“In The God Delusion,” I wrote, “Dawkins eloquently skewers the tyrannical anthropomorphic deity of the Old Testament—the God that supposedly commanded the Jews to go on genocidal rampages and who occasionally went on his own rampages, flooding the planet or raining fire and brimstone on wicked cities.”
I had something of a personal reaction when I first read this concern of Dawkins. I wanted to say “Wait a minute! This is not the way most Christians think about God.” Some of this reaction is contained in my blog last week.
There are two guiding principles to my reading of Old Testament portrayals of God: 1) Do those portrayals faithfully agree with how Jesus himself reveals God in the New Testament? And 2) To what degree are the inspired-but-clearly-human authors of the Old Testament portraying God within their own limited cultural horizons—turning him into their “Commander-in-Chief” as Christians on military crusades have done throughout history? Since I am not a Biblical literalist, I am quite comfortable with acknowledging a genuinely human component to inspired Scripture, what Pete Enns and others have called the incarnational model of inspiration. These are my prejudices. They profoundly color how I read the Bible. Others start with different assumptions—I won’t call them prejudices—and read that same Bible differently.
In my limited understanding—which is not necessarily shared by everyone who contributes to BioLogos—the revelation of God in Scripture and elsewhere is progressive. The dark glass through which God is viewed becomes less dark and better focused over the many centuries that gave rise to the Scriptures and our traditions of interpretation. Earlier visions of God must be measured against later visions. With this understanding it seems to me that we can raise serious questions about ancient claims that God likes the smell of burning fat, or rejoices in the violent deaths of infants. For me, these are passages where Biblical writers created God in their image, forgetting that the real truth is the other way around.
The same Psalmist that rejoiced in the deaths of infants also wrote that “The earth is fixed and cannot be moved” (Psalm 93:1) If science can help us move beyond this latter affirmation of geocentrism, why can theology not help us move beyond the former endorsement of infanticide?
All of God’s revelation demands interpretation, whether it be in the Bible, in Nature, in the tradition of the church, or in our own lives. All is seen “through a glass darkly” in that wonderful phrase of St. Paul. There is no such thing as “uninterpreted revelation,” and we are called to move humbly along a path toward truth and reminded in so many ways that we must not forget that we don’t presently possess the truth in any final form as a club to be wielded against those who disagree with us.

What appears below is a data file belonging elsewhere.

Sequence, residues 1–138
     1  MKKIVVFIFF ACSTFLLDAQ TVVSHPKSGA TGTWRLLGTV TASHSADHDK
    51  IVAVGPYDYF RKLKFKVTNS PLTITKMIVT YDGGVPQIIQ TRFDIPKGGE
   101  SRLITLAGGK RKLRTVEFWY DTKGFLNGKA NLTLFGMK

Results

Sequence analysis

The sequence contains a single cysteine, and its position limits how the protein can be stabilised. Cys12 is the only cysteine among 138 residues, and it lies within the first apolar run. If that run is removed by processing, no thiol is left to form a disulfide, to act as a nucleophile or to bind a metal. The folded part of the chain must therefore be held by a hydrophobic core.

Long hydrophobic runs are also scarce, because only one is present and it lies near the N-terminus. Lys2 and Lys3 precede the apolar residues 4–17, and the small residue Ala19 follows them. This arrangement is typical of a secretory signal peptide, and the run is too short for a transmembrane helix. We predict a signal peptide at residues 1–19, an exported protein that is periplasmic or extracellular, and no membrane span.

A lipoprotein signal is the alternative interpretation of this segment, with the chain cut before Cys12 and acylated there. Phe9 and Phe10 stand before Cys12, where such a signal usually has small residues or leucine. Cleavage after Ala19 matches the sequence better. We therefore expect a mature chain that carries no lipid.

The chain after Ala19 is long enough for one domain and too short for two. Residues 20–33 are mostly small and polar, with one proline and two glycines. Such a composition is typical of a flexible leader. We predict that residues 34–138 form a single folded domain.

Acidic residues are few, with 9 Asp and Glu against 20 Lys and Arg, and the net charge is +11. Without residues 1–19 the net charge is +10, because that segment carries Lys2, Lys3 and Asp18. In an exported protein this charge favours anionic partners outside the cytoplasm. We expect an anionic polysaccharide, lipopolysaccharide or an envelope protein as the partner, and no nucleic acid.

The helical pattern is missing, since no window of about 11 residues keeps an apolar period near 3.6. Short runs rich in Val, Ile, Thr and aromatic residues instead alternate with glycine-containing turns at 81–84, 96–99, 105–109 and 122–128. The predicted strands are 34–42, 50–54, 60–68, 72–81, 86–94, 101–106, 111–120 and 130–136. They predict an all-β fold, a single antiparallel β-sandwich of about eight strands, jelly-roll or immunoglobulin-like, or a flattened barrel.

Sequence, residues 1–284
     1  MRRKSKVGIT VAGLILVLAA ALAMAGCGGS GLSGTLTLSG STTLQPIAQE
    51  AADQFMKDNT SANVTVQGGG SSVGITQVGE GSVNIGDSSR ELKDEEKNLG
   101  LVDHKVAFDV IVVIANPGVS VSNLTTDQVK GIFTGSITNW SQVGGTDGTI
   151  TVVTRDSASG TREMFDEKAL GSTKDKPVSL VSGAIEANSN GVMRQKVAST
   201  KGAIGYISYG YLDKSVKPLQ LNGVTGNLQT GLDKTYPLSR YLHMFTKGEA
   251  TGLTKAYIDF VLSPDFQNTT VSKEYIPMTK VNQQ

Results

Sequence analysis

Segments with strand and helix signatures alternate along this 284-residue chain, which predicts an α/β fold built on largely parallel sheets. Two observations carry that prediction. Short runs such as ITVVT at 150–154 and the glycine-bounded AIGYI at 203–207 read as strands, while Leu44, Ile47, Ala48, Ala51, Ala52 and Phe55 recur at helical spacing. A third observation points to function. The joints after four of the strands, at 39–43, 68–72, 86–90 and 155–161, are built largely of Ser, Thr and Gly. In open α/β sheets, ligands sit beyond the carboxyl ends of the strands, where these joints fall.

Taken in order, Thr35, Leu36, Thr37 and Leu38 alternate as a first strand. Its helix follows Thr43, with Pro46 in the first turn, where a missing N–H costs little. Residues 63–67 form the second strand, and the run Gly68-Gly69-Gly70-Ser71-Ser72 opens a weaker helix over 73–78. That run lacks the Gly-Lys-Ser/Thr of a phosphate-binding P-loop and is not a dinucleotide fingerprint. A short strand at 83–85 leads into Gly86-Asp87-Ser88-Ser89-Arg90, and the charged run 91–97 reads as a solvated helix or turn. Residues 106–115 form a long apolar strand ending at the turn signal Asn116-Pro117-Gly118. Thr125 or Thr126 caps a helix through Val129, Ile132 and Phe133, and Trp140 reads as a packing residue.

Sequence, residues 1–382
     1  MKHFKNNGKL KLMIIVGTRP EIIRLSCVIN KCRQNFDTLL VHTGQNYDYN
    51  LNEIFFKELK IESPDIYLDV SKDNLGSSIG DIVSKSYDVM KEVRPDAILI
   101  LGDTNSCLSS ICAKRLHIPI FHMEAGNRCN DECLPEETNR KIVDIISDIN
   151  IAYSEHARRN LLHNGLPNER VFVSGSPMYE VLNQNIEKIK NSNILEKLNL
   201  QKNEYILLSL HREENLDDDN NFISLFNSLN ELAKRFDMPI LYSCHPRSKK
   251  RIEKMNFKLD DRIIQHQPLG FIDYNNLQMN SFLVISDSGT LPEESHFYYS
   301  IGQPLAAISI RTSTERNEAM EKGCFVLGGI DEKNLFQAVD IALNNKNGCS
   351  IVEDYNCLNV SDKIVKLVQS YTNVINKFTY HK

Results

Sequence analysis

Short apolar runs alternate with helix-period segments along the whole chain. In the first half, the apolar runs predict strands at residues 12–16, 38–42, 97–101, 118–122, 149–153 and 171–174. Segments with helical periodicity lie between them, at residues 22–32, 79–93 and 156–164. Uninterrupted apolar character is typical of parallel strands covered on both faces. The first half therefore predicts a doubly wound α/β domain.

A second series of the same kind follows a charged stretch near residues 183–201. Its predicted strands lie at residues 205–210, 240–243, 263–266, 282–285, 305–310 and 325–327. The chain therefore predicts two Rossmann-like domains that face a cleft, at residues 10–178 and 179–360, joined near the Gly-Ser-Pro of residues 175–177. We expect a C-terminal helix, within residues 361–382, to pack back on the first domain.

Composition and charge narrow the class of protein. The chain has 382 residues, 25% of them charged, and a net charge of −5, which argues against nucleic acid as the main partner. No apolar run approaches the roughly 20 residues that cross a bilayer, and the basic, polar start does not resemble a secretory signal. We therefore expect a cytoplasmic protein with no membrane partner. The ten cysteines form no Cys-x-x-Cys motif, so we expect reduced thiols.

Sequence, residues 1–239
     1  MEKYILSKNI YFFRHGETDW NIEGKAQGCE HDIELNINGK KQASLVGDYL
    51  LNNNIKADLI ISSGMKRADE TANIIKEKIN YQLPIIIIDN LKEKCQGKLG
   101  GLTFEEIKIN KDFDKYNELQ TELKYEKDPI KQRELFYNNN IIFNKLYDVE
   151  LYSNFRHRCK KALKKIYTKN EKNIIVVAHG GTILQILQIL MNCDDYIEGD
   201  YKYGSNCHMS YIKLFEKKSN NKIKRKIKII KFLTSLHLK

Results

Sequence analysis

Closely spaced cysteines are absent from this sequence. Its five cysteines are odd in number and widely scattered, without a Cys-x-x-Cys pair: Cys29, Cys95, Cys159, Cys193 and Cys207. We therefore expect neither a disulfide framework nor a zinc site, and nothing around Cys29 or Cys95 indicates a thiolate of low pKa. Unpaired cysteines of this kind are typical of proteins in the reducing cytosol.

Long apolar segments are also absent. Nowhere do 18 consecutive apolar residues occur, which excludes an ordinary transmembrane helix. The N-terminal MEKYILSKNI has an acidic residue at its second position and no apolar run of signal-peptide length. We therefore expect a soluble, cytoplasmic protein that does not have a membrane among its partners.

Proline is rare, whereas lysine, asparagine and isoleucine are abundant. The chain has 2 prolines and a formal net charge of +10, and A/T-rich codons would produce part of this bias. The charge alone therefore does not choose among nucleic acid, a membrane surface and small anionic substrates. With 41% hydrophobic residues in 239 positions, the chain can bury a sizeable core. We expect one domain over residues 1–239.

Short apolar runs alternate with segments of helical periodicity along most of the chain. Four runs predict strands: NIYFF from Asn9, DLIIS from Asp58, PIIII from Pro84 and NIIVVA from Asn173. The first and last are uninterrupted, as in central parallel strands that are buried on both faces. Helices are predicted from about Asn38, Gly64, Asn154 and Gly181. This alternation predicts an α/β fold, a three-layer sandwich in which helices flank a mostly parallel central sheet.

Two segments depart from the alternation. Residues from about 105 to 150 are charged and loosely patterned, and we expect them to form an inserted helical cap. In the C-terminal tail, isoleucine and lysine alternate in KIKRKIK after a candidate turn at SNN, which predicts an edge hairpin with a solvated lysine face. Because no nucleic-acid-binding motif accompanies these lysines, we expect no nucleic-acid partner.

In my blog last week I reflected on this progressive nature of revelation, noting that new science regularly trumps old science, and that new science sometimes even trumps Scripture, where Scripture expresses itself on matter open to scientific investigation. My comment “science trumps revealed truth,” was not a literal statement, of course, for absolutely nothing could trump revealed truth. What science trumps, in addition to older science, is our interpretations of revealed truth. I cannot agree with those, like Al Mohler and Ken Ham, who believe they possess an “uninterpreted truth.” I think, for example, of the well-educated, biblically literate, and deeply spiritual Christians in the 17th century who were sure that God had revealed in Scripture that the earth did not move. Poor Galileo—elderly, in poor health, and wearing a truss to keep his hernia in check— was forced to his knees on the hard marble floor in Rome with his hand upon the Bible and made to acknowledge that God had revealed in the Bible that the earth was stationary.
The advance of science has freed us from our prior error in assuming that geocentrism was “revealed truth.” I personally believe that the advance of theology has freed us from our assumption that God could rejoice in the killing of non-Jewish babies.
I still believe in and worship the God of the Old Testament. Yahweh is indeed the God and Father of our Lord Jesus Christ. But there are some aspects of that Old Testament picture where I think the humanity of the biblical authors comes through. I am thankful for this New Covenant.
Karl Giberson directs the new science & religion writing program at Gordon College in Boston. He has published more than 100 articles, reviews and essays for Web sites and journals including Salon.com, Books & Culture, and the Huffington Post. He has written seven books, including Saving Darwin, The Language of Science & Faith, and The Anointed: Evangelical Truth in a Secular Age.